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PrEP, or Pre-Exposure Prophylaxis, is a pill you take once a day to prevent infection with HIV.  It’s been in the news a bit of late, and you may be wondering if it’s right for you.

In some parts of the world, a large percentage of men in the gay population are taking it, and it only takes a quick look on hook-up sites when you’re travelling to realise how widespread its use has become.  In fact in many cities it has become the norm for gay guys to be on PrEP, and if you’re not on it you might even be rejected as a potential sexual partner.

Some guys think of it as an extra layer of protection against HIV, but many guys are taking it instead of using condoms, relying on PrEP to protect them.  So are they right to be this confident?

Well, let’s look at the statistics available.

PrEP is currently used by thousands of men all over the world, mostly through demonstration projects where there is collection of data around prevalence of STIs and HIV.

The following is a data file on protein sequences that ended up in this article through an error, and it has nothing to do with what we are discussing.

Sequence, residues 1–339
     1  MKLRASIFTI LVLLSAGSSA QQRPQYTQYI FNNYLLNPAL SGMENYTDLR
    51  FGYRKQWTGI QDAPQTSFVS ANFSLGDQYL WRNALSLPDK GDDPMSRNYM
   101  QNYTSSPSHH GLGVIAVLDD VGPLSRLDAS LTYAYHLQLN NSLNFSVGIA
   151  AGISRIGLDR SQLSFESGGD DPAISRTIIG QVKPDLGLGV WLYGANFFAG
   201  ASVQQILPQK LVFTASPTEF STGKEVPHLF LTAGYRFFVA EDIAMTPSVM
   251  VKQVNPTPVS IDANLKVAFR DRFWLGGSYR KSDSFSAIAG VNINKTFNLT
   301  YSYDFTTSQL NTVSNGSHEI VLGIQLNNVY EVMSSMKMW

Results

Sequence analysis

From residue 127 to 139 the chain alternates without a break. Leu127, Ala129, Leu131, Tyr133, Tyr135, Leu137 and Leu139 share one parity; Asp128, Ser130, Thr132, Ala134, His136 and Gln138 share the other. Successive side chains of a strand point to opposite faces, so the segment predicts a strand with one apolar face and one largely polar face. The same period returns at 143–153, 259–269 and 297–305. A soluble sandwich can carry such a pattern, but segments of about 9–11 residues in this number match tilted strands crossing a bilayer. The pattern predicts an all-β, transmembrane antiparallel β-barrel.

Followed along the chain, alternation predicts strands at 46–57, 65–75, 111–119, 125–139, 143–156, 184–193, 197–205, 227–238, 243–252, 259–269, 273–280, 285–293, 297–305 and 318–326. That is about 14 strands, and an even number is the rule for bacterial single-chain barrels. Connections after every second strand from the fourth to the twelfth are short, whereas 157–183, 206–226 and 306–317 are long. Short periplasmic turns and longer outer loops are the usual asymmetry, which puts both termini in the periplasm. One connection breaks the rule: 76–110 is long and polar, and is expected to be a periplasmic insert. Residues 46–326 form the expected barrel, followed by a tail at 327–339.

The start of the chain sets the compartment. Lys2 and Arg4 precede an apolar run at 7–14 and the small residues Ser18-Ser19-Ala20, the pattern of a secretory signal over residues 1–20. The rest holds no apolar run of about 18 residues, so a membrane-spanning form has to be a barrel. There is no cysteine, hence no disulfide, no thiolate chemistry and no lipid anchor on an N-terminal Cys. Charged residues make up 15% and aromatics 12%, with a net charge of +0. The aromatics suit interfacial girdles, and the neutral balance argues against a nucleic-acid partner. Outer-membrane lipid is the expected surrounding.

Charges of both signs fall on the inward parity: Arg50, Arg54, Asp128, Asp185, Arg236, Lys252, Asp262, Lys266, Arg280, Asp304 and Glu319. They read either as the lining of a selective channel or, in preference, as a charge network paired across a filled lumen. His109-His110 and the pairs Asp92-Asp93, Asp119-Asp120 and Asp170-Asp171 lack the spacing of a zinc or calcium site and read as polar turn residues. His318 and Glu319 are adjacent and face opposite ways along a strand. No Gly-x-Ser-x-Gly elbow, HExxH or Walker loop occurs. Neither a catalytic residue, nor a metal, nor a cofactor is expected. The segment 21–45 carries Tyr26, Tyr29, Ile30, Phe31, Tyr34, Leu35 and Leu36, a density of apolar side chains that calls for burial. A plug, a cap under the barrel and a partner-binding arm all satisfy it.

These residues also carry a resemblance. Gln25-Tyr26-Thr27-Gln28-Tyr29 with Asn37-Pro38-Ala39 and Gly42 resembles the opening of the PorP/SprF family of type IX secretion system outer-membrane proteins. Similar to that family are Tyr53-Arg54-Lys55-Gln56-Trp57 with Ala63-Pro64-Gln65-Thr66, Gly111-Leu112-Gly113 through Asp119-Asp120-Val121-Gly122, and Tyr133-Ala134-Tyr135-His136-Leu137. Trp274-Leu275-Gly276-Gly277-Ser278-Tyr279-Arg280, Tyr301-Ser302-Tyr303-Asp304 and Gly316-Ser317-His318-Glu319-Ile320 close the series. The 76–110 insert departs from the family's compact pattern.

So we know that so far in the years since it was first rolled out there have been 3 people who have acquired HIV whilst on full PrEP (taking their pill properly every day).  The first 2 cases turned out to be infection with resistant virus, which means the virus they came in contact with was already resistant to the drugs in PrEP.  This can happen if someone with HIV has had a number of treatment failures in the past, which have caused resistant virus to replicate in their body.  Both of these cases occurred in the USA.  The third recent case was actually infection with a non-resistant virus, the first such case reported, and no one knows how it occurred.  Some have speculated that in this particular case the guy involved was extremely sexually active, so potentially had a very high exposure rate.

Despite these 3 failures of PrEP, we are now starting to see decreased notifications of HIV in regions where PrEP is used.

I guess what we can say is that although PrEP is not a failsafe, it does appear to offer a high level of protection against HIV.

My advice is still that using condoms when you can, in combination with PrEP, is probably the best protection you can get apart from celibacy!

If you’re unsure, have a conversation with your sexual health doctor about it.  PrEP is available throughout Queensland via a demonstration project, and you can look for your nearest provider on the HIV Foundation website.

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